Herons, white, black and even red ones, together with marsh harriers, funny squirrels, owls and the exotic pink flamingoes. Beautiful Italian deer.
Whatever your animal preference, a visit to the “Park of the Delta of the river Po” will inspire and excite you.
Herons, marsh harriers, kingfishers and …shells from the Philippines
Let Captain Dario, navigate his boat through the waves and tides of the lagoon of the Po river and up to where the sweet river waters meet the salty Adriatic sea waters. It is right there that the line snakes, where the two waters fall one into one another due to the different water density.
Dario will show you the sea fields where shells grow: the lagoon known as “Sacca di Goro” produces up to 50-70% of Italian shell production but the shells are not Italian; they actually originate from the Philippines. Imported some 40 years ago they soon adapted well to local conditions.
Leaving these fields behind, the boat will then head on to the cane fields. Having a professional, naturalist guide onboard is invaluable: Stefano, our guide, could spot the small kingfisher hovering in the air, the elegant circles high above of the silent marsh harrier hunting its prow and the dives of the great crested grebe.
Italy Green Travel suggestion: choose the eco hotel Cannevié, an old fishing house of eighteenth century surrounded by water, greenery and reeds, where you can discover the park of Po river, cycling and boating. Do not miss the excellent local restaurant, where you can taste the fish specialties, but also vegetarians and vegans recipes.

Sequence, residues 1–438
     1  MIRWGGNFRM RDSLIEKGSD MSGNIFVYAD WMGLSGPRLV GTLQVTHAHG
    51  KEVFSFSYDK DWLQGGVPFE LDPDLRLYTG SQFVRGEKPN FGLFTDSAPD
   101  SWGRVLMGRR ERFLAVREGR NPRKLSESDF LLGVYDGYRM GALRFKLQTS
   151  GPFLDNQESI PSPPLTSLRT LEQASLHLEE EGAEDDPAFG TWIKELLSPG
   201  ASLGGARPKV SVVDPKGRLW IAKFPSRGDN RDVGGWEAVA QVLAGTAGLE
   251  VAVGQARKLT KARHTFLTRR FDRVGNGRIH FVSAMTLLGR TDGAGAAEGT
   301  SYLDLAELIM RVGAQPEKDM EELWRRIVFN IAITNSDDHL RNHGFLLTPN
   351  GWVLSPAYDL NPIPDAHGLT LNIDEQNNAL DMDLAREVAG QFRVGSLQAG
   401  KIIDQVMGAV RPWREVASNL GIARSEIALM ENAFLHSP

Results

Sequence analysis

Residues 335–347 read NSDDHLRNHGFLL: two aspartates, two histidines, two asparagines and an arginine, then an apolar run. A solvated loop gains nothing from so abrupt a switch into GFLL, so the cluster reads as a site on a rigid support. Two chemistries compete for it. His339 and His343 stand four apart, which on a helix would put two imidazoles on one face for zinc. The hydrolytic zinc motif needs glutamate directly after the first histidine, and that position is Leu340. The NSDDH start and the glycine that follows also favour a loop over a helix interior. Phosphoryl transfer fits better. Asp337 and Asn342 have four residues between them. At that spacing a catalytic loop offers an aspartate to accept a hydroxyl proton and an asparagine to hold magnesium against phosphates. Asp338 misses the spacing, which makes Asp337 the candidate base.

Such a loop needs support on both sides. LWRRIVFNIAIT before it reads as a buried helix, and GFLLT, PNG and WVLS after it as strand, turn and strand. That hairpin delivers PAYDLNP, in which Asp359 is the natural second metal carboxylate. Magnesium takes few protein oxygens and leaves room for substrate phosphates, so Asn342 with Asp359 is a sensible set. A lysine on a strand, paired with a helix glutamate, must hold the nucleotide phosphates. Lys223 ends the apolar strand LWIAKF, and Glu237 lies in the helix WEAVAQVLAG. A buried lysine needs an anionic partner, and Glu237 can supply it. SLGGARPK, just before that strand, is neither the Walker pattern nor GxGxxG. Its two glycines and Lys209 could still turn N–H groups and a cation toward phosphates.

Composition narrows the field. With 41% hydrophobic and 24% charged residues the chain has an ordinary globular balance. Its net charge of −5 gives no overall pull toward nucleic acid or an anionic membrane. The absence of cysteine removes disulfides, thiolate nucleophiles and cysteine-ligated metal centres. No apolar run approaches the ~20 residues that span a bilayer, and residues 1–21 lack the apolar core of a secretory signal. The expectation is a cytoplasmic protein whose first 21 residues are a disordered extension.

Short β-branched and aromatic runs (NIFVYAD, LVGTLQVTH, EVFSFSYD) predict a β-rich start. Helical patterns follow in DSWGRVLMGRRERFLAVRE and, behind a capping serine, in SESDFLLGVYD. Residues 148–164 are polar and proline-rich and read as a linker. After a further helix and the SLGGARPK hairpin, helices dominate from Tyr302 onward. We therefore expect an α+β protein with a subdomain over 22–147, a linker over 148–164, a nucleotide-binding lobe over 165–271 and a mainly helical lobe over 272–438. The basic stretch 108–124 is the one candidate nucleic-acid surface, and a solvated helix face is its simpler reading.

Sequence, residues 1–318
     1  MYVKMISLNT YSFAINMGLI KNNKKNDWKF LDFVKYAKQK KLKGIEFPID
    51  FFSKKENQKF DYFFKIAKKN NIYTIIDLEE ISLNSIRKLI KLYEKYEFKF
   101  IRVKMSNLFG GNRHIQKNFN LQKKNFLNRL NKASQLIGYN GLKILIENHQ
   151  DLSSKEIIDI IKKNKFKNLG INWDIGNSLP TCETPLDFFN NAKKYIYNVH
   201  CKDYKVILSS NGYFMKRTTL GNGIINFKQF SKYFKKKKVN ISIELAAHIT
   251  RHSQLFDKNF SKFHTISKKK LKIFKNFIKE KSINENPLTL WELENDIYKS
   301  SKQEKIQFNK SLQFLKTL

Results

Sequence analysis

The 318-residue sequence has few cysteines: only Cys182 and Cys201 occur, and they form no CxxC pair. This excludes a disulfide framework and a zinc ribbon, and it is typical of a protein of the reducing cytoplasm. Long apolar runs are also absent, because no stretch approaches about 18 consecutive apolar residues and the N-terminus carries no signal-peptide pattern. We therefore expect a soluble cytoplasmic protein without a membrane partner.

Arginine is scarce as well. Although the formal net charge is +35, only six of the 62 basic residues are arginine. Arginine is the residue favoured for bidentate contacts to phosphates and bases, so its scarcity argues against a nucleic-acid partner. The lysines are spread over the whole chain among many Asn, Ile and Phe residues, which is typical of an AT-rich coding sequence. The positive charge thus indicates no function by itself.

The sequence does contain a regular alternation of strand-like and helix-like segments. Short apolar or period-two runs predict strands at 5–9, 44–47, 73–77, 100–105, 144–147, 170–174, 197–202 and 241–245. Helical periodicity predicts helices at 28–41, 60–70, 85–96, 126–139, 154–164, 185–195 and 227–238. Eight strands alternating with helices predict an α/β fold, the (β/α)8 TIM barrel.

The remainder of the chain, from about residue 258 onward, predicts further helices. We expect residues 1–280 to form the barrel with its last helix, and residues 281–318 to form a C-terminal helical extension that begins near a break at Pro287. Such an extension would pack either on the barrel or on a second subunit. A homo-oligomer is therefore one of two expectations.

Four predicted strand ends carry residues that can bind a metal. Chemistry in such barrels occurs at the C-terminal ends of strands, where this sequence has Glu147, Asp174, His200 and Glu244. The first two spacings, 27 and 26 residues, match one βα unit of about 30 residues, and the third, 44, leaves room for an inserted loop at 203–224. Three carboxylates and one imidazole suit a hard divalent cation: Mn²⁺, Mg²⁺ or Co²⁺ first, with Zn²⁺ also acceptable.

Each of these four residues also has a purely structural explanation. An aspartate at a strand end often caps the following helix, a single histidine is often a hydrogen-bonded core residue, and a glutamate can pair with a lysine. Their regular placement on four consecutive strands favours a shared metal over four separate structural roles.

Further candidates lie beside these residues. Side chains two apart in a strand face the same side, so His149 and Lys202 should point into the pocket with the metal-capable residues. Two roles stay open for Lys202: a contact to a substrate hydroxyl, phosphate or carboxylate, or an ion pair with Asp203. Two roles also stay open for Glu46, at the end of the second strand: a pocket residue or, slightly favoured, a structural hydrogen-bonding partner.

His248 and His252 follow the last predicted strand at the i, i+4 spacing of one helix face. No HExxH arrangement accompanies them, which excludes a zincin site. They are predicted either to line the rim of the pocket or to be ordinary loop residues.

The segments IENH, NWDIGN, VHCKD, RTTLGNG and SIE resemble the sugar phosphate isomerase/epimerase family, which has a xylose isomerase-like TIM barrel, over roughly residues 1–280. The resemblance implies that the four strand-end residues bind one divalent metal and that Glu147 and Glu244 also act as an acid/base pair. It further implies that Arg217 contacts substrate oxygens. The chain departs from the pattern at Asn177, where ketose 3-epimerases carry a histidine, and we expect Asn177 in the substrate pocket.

The lazy pink flamingoes
Once only a seasonal presence, the pink flamingoes have come to love living permanently in the salt waters of the Comacchio valley.
The population has reached 10,000 exemplars over the last 20 years.
Have the pink flamingoes become lazy? Are they shunning the centuries-long natural call for warmer places over the northern coast of Africa? Stefano, our guide, thinks that the effect that climate change has had, making the winter less harsh here, is the reason why we are allowed to admire this incredible pink cloud today, bobbing gently close by.
Italy Green Travel suggestion: turn into a morning lark and reach the Stazione Foce, the old fishing centre, now turned into a restaurant. If you can make it by 5 am, you will be rewarded with a breathtaking show: a pink flock will land just a few meters from you and start their busy day hunting insects and roots in the salt pools.
The real Italian deer? You can only find them at Bosco della Mesola.
What happens when a group remains isolated from the exemplars of the same species?
Look at what happened with koalas and kangaroos in Australia.
And the Galapagos and the Darwin adventure.
The flooding of part of the wood isolated the deer living there from the surrounding areas and from the European deer which was purposefully reintroduced in Italy due to the risk of extinction.
This makes the deer of the Bosco della Mesola different from its Italian relatives.
The Bosco della Mesola is now a protected reserve where deer live freely and have become somewhat used to humans being around, although there are a few precautions to adhere to: the visit is on request only, at a scheduled time and on an electric bus driven by a naturalistic guide who’s certified to access the area.
The number of deer has increased over the last few years and observing shy female deer followed by their little ones in tow is no longer a rare sight to behold.
Italy Green Travel suggestion: check with the naturalistic guides for the “love fight night visits”. During the “love season”, the deer challenge one another in romantic and fierce battles, with the defeated one usually leaving.